If everyone agrees that forcing public employees to subsidize a labor union’s political or ideological speech impinges their First Amendment rights—and the Supreme Court has been unanimous on that point for decades—then what possible justification is there for requiring workers who’ve declined to join the union to go through the arduous process of opting out from making such payments year after year?
There is none, argues Cato’s amicus brief in Friedrichs v. California Teachers Association. As the Court recounted in Knox v. SEIU (2012), “acceptance of the opt-out approach appears to have come about more as a historical accident than through the careful application of First Amendment principles.” But as a matter of principle, opt-out plainly violates the cardinal rule that procedures involving compelled speech and association must be “carefully tailored to minimize the infringement” of First Amendment rights.
Under the opt-out approach, dissenting workers bear the risk that, if they are unsuccessful in following the opt-out procedure reluctantly administered by the union, their money will be used to further political and ideological ends with which they do not agree. The labor union, whose constitutional rights are not at stake, bears no risk at all—by default, it gets the money.
For example, a teacher who learns partway through the year that her payments to the union are being used to fund speech that she finds abhorrent—and the union here lobbies on controversial issues like abortion, gun control, and immigration reform—is still compelled by the government to continue funding that speech until the next opt-out period.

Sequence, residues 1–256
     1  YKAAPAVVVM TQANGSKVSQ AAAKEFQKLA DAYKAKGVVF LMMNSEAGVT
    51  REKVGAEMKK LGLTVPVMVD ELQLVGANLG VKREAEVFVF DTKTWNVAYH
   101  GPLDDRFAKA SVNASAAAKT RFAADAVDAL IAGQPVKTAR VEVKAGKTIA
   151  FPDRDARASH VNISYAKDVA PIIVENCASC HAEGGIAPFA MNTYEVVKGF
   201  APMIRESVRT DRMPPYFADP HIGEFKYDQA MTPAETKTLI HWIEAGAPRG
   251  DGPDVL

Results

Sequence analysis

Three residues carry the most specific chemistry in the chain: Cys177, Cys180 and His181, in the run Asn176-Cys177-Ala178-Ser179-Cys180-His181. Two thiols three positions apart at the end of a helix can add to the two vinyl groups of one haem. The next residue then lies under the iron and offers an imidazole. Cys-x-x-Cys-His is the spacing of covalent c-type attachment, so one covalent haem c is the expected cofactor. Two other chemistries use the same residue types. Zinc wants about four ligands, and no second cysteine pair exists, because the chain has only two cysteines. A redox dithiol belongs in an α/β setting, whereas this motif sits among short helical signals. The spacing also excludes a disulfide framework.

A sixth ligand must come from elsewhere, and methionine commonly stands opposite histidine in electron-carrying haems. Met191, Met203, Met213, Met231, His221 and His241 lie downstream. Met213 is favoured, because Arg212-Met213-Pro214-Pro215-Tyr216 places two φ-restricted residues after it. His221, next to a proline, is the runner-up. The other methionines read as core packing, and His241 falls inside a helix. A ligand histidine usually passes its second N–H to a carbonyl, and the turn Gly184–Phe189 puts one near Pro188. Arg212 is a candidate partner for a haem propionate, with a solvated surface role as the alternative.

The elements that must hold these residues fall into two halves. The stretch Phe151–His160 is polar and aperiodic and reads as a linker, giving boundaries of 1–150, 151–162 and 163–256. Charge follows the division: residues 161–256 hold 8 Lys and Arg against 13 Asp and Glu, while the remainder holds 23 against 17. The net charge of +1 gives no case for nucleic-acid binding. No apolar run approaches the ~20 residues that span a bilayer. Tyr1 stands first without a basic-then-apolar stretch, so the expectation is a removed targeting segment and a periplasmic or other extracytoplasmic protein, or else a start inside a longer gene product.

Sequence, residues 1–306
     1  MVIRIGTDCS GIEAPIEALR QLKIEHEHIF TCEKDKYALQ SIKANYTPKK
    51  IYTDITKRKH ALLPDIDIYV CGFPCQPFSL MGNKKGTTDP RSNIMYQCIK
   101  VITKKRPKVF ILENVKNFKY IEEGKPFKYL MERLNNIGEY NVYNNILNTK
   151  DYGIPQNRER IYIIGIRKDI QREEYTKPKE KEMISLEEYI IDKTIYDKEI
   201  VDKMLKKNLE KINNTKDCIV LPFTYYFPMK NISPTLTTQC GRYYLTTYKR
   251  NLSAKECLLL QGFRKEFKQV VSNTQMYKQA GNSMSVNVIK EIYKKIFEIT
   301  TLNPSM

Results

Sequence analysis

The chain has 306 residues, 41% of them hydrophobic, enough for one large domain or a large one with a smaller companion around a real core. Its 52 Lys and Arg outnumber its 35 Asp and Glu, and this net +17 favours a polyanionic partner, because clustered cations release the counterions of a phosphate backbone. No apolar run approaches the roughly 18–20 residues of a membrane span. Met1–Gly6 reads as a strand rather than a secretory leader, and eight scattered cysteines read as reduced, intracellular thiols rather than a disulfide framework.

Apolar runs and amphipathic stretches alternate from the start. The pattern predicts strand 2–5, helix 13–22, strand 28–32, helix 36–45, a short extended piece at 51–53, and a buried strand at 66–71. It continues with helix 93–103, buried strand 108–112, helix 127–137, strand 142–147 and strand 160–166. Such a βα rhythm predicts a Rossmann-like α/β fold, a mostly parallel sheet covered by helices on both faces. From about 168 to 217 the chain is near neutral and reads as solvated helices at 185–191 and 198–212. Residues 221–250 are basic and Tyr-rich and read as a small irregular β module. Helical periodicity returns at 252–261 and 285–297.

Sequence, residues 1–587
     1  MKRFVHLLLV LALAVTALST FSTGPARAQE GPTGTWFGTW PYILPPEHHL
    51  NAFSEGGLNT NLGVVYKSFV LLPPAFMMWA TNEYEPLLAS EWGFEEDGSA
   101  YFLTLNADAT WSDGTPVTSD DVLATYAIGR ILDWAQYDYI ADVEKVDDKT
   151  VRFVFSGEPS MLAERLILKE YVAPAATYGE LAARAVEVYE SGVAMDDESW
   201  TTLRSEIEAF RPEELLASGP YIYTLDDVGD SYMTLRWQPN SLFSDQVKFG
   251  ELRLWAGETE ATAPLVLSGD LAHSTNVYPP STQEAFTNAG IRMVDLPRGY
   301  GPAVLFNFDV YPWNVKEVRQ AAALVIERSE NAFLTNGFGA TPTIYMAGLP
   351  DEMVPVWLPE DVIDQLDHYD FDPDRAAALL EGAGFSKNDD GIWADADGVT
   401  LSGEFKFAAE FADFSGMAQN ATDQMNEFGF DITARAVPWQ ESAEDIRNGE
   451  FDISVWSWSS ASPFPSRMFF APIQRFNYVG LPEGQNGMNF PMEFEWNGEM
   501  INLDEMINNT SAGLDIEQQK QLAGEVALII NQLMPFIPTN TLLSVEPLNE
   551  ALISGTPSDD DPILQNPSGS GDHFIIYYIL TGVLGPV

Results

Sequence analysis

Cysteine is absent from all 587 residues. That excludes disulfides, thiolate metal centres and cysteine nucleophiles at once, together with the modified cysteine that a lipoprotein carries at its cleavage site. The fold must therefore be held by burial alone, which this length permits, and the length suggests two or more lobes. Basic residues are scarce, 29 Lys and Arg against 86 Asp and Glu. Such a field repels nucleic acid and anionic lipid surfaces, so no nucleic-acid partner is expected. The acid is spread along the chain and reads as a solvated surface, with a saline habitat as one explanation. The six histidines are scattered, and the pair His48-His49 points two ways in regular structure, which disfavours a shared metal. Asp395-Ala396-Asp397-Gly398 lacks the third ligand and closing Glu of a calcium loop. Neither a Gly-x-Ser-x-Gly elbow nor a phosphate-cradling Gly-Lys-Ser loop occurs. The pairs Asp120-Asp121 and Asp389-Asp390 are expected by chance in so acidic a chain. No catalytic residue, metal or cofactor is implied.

Unions, of course, favor opt-out precisely because it allows them to take advantage of inertia on the part of would-be dissenters who fail to object affirmatively. But that is no basis to countenance the wholesale violation of public employees’ First Amendment rights. Courts “do not presume acquiescence in the loss of fundamental rights,” and application of that principle here will spell the end of abusive opt-out regimes.
The Supreme Court will hear argument in Friedrichs in the middle of the upcoming term, likely in January. For more on the case, see this excellent SCOTUSblog essay by David Rivkin and Andrew Grossman.
[This post was adapted from an earlier post on Cato’s blog.]